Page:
As a fellow Brother In Arms and fellow Firearm Educator, I would like to extend a warm welcome to Urban Sharp Shooter (U.S.S.) Firearm Educator Kevin Dixie. He is the Owner of No Other Choice (N.O.C.) firearm education and training. Kevin Dixie began his career in the Gun Game about 15 or 16 years ago. It's only been in the last five years that he's actually been in the public eye.
Since then Kevin Dixie currently works with the St. Louis Metro Police Department in the Prisoner Processing Division. Kevin Dixie is a straight up kind a guy it will tell you without a heartbeat that he has no military experience. Often time you hear people post about having military experience as it is supposed to make them some type of super shooter.
But to those in the know, actually no that is anything but the truth. In spite of not actually have a military experience, which can sometimes be seen as a plus by some, what qualifies him as a Firearm Instructor is that he has the experience of being in and successfully surviving four carjacking’s and three robbery's.
It is these qualifications that I honor most. it should also be noted that when speaking with Mr. Kevin Dickie I can sense a sort of “Shooters Maturity” for lack of better terms just from interviewing him over the phone for this particular spread. So let us get directly into the questions that were asked in regards to topics that were addressed within his interview.
VL: "What is your favorite firearm?"
KD: “Am I only limited to just one LOL?!”
VL: “I'm looking for your favorite pistol, rifle, and a shotgun.”
KD: “My favorite firearms are the Smith & Wesson M&P AR-15 and the Springfield Armory 5 1/2 inch XDM.”
“Because of the sentimental value that these two weapons hold from me. These were my go to weapons doing the riots in Ferguson. I had a close friend who happened to live in the immediate are of the riots as was also a Police Officer. His neighbors of course knew this and on day two of the riots surrounded his home with long guns while his family was forced to hide in the basement of his home. He only had is duty weapon against the long guns. He called for assistance but was informed no Officers were available; so he called me and I went into the riot area and provided his family with some extra cover and also provided him with a long gun of his own to keep until the madness ended.
Upon my arrival with another associate, the individuals departed the area and proceeded back into the thick of the riot. While protecting his family, the crazy news media reported which parts of the local area that were not getting hit as much by the rioters.The crazy news media reported which parts of the city that were not getting hit as much by the rioters. This made absolutely no sense to me as to why the news media would put anything like this out over the air! In doing so they actually placed people lives in danger!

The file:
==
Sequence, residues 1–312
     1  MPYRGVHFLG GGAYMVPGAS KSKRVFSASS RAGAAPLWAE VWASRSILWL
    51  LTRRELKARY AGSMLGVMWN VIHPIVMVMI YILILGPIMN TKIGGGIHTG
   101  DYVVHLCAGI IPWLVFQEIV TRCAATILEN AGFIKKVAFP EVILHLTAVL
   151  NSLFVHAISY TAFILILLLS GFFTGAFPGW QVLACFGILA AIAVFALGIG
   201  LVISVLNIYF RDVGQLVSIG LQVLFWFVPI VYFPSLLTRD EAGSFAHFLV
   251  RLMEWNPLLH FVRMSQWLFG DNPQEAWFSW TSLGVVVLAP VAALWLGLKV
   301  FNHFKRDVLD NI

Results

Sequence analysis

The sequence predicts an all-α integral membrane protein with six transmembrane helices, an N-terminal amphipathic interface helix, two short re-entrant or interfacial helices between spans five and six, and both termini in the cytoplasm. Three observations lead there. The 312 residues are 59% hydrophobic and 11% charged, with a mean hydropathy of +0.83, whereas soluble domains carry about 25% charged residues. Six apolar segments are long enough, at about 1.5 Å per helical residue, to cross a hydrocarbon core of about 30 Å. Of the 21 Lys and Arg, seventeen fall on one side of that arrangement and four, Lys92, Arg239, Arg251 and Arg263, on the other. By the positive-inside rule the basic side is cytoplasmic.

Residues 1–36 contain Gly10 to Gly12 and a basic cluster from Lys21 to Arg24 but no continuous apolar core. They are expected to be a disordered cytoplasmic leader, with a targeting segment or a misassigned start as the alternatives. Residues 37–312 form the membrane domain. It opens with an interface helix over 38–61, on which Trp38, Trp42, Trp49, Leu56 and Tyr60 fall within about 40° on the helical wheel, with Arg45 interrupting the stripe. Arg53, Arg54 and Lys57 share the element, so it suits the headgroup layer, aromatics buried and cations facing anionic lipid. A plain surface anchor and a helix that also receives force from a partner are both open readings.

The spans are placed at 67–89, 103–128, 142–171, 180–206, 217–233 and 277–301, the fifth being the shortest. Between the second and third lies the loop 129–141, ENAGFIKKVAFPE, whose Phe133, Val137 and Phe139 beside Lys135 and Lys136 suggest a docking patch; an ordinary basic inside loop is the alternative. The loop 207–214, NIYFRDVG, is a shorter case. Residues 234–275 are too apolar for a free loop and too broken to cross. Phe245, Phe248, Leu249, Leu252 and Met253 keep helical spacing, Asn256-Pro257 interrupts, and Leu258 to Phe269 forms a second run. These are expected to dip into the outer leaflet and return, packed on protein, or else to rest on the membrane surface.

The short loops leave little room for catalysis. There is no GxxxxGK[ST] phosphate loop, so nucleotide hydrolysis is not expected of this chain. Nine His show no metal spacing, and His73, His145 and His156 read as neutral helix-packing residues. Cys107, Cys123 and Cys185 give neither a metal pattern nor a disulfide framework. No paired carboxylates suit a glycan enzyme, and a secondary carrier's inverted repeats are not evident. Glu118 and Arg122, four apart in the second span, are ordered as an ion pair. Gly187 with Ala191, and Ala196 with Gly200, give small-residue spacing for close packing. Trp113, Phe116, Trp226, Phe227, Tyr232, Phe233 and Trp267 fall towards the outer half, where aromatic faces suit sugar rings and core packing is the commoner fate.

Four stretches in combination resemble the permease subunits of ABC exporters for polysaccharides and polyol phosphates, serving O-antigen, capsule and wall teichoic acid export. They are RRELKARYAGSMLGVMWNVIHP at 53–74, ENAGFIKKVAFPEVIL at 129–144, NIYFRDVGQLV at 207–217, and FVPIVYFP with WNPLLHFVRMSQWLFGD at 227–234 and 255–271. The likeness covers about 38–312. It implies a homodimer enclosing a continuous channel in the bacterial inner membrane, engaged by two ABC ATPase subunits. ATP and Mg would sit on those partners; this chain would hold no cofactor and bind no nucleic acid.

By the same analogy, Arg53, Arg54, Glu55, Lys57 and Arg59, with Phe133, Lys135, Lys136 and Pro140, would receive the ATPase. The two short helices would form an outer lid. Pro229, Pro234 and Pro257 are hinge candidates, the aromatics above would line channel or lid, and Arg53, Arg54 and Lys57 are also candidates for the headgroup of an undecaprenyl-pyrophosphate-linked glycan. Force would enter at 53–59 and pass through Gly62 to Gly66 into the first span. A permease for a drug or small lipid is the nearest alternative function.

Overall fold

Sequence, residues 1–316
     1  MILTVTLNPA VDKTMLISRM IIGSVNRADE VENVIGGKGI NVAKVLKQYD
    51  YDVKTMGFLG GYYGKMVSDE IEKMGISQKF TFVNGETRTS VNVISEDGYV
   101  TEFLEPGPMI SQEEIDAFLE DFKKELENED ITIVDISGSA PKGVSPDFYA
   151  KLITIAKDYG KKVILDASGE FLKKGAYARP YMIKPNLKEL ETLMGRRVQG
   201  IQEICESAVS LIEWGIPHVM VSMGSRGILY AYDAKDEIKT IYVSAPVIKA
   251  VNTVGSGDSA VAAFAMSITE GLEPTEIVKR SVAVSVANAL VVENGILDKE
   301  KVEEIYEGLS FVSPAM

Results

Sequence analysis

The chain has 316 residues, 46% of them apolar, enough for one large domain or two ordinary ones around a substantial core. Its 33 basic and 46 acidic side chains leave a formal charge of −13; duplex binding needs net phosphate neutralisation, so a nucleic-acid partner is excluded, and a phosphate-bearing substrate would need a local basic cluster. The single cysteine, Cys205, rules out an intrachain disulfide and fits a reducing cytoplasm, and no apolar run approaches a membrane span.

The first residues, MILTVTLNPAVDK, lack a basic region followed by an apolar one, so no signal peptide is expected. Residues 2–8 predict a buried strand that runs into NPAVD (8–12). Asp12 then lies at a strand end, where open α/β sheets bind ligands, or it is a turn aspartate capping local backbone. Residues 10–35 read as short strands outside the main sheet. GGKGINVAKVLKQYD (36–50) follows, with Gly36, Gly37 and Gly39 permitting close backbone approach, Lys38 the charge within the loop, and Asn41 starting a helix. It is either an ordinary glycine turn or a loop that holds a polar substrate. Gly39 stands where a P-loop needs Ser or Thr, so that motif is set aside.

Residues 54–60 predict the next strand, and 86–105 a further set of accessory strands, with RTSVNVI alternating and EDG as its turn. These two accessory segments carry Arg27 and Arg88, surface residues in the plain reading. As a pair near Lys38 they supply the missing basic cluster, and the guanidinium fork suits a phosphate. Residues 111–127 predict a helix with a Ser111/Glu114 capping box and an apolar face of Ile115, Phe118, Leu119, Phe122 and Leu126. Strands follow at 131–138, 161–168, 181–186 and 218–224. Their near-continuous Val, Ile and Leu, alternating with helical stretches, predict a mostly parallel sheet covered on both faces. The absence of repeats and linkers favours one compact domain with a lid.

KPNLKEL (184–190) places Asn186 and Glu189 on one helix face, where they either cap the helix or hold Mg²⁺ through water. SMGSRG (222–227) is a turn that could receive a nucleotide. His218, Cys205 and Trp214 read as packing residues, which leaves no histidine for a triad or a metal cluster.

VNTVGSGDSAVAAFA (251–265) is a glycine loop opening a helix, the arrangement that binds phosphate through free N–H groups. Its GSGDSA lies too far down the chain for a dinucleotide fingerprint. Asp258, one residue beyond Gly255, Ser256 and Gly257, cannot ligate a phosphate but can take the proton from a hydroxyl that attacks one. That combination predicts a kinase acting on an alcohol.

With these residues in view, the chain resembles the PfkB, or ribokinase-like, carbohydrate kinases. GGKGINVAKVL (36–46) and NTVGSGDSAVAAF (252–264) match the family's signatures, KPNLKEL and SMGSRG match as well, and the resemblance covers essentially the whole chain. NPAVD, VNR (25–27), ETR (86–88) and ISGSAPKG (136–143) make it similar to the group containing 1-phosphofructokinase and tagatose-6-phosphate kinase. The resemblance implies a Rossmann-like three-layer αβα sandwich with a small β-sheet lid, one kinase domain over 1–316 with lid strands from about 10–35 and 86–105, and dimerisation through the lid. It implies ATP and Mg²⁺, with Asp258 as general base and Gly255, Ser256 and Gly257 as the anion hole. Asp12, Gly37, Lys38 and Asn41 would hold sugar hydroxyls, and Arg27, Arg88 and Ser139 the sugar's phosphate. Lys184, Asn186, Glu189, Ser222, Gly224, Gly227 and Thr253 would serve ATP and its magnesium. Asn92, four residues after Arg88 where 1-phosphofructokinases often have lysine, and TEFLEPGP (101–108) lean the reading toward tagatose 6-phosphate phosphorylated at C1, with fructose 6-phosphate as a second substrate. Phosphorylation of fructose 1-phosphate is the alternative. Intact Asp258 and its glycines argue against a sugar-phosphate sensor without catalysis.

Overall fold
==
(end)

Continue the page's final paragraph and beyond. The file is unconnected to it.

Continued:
So, when people started to begin riots in my neighborhood these were the two weapons that I have to deploy with full kit in order to deter the violent rioters. I felt like it was my duty as a Citizen and a Father to not only protect my neighborhood but to protect my family most importantly. Honestly, I couldn't bear the thought of something happening to either one of the two. The two aforementioned firearms were used; which makes them hold a special place to me.”
In response to his favorite side on or pistol he revealed this:
“I initially wanted to be different when everyone was pushing for GLOCK pistols. And in doing so I found out that the XD series of pistols provided me with the economics that the GLOCK didn’t The grip texture is aggressive and the pistol itself shows the attention to detail and precise machinery that was required in making this gun. Another reason why this weapon holds a sentimental value to me is because it was the first gun that I had to actually use in an actual Self-Defense scenario. This was before Springfield started producing the XDM series came.”
“What are some of the issues that you see going on that negatively impacts Gun Game?”
“Great question and I'm really glad you asked that because I hate it when we as instructors try to fact check each other; my thing is we need to focus on administering the best training we possibly can! It just seems like everyone is trying to outdo each other and or everyone's trying to be on top, I don't know where it comes from but I wish they would just stop it! It really does more harm than good.”
“Another issue I see within the gun game is that instructors don't focus on the needs of these Civilians and the New Shooters. One of the big reasons for this is because there is a bridge that is not been built yet fully in which we are able to pass information from our terms over into terms that the Civilian and a New Shooter can actually understand. It's almost like they only want to teach the Civilians and New Shooters the basics because they do not have the patience like I do and others required to facilitate growth and development for the New Shooter and Civilians alike. This does not apply to the people doing this on a daily but rather the ones who are not.”
“The next big thing that I see the need to change in the Gun Game is we implode on each other rather than explode and release information to Civilians and New Shooters. Every time I see instances like this it drives me crazy because it’s nothing more than chest beating, and it’s really unnecessary. It doesn't help in any way the growth of New Shooters or Civilian Shooters in anyway. With that being said I always see people become really disrespectful towards each other especially between us as Instructors. I can’t say it enough all this in-fighting does nothing to help the process of networking and only succeeds in building walls between us as Firearm Educators, Students and Clients alike.”
“In the Gun Game we have too many followers, instructors don't explore anymore. It's almost like they take the same cookie-cutter approach when he comes to providing firearm training. It's like you can go to “instructor such and such” and I can almost guarantee you what they’re going to do without even knowing who they are. This type of cookie cutter approach within the Gun Game is a negative, it does nothing but leads to complacency. My train of thought is: